Nevada Gubernatorial Primaries to Set Stage for Tight Race in November

By Nanette Holt
Nanette Holt
Nanette Holt
Nanette covers a wide range of issues, mostly in Georgia and her home state of Florida. She started as a journalist in a competitive, daily-newspaper market, and later launched a community newspaper in a geographic area ignored by other media. She spent many years writing and editing for a variety of national and international magazines, and has been hired to coach best-selling authors for book publishers. When she’s not chasing news, Nanette enjoys cattle ranch life with her husband, three children, and far too many horses, goats, cats, and dogs.
June 9, 2022 Updated: June 9, 2022

Nevadans’ decisions in the June 14 Republican and Democratic primaries for governor will set the stage for a heated race to the general election on Nov. 8, analysts predict.

Analysts say that incumbent Nevada Gov. Steve Sisolak, a Democrat, likely will glide past his lone primary challenger, even though voters’ thoughts on the race haven’t been well-tested in polls.

If he advances, Sisolak could be in for a tough reelection fight, especially if he faces Clark County’s Republican sheriff, Joe Lombardo, some polls suggest.

There are 15 GOP candidates vying for the party’s nomination to the general election.

If one succeeds in ousting Sisolak, that victory would break the Democrats’ state government trifecta, which refers to when one political party controls the office of governor and both chambers of a state’s legislature. Across the country, there are 23 Republican trifectas and 14 Democratic trifectas. Thirteen states have governments that aren’t controlled by one party.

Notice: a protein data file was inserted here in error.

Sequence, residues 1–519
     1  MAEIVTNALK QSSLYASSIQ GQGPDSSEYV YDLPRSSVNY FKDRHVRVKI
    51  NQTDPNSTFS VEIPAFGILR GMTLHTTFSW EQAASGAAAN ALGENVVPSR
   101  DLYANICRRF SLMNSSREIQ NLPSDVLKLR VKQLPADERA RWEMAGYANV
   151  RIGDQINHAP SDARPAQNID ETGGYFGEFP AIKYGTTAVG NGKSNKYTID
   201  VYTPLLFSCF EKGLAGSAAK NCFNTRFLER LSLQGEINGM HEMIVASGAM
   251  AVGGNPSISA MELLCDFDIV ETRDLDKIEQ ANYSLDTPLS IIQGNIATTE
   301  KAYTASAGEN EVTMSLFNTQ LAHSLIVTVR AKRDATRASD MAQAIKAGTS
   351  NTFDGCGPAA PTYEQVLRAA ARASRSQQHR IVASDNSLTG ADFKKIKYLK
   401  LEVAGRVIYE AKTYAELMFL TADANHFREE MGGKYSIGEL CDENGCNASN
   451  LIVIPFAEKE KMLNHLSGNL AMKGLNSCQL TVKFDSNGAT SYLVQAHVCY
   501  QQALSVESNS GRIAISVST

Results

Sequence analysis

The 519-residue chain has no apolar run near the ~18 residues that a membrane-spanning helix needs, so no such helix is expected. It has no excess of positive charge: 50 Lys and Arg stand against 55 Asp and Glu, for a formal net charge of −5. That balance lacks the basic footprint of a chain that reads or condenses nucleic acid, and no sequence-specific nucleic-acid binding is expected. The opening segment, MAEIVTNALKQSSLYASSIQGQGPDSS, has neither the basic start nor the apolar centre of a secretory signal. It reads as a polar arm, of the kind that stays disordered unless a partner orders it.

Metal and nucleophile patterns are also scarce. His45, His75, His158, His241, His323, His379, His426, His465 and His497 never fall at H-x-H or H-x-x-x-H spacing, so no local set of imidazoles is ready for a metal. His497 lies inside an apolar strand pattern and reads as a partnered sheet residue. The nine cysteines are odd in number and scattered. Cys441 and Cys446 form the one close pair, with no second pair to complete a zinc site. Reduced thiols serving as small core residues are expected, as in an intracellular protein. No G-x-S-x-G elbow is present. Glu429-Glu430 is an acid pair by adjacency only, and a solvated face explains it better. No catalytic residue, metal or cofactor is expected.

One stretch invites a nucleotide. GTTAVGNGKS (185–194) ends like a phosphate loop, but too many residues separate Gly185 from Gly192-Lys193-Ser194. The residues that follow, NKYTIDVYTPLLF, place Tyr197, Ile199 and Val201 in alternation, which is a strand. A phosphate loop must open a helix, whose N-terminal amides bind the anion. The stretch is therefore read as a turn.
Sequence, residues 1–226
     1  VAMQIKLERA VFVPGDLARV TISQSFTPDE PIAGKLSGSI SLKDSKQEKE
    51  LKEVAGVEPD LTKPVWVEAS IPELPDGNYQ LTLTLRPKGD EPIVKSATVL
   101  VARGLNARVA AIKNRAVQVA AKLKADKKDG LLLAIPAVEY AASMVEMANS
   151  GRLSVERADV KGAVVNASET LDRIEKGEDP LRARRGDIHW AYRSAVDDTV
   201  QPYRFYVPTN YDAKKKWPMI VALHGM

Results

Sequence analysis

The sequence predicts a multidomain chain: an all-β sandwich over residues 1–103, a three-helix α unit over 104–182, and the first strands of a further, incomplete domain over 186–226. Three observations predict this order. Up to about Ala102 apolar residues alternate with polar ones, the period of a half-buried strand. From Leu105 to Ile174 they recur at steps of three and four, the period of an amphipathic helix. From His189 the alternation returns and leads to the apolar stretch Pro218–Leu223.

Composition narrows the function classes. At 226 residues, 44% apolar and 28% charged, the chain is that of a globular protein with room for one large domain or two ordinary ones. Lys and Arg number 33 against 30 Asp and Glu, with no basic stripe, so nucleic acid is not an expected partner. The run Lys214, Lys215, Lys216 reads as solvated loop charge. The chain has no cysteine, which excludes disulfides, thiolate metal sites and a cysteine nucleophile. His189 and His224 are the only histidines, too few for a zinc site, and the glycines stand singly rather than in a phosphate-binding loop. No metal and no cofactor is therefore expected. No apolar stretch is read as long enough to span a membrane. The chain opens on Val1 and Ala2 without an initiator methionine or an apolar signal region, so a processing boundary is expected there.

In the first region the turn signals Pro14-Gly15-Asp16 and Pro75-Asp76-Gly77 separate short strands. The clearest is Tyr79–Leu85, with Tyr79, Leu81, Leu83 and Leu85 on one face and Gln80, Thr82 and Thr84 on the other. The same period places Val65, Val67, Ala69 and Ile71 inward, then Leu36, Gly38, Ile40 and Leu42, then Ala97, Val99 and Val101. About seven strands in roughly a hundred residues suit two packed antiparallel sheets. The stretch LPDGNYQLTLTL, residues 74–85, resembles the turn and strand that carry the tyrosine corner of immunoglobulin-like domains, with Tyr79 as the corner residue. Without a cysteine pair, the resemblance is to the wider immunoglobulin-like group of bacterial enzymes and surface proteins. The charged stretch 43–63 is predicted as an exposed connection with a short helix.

Steve Sisolak
Nevada Gov. Steve Sisolak holds up newly signed legislation in Las Vegas on June 11, 2021. (John Locher/AP Photo)

In the 2020 presidential election cycle, Nevada was considered one of 13 battleground states.

Ultimately, Nevadans handed six Electoral College votes to President Joe Biden, who carried the state over incumbent President Donald Trump by 2.4 percent of the vote.

Many Americans still feel that the election was rife with fraud and that it possibly put Biden in the White House erroneously. When asked about the 2020 election results, 58 percent of Nevadans surveyed said they felt “confident” the votes were “counted fairly and accurately throughout the U.S.,” a recent survey by The University of Nevada found. Only 62 percent said they felt that Biden won enough votes to be elected president.

In a University of Nevada survey about the governor’s race, 47 percent of Republican respondents said they “planned to vote for” Lombardo in the primary. Fourteen percent chose former U.S. Sen. Dean Heller (R-Nev.) and 12 percent pointed to Joey Gilbert, a trial attorney, boxing champion, and veteran of the U.S. Air Force Reserve.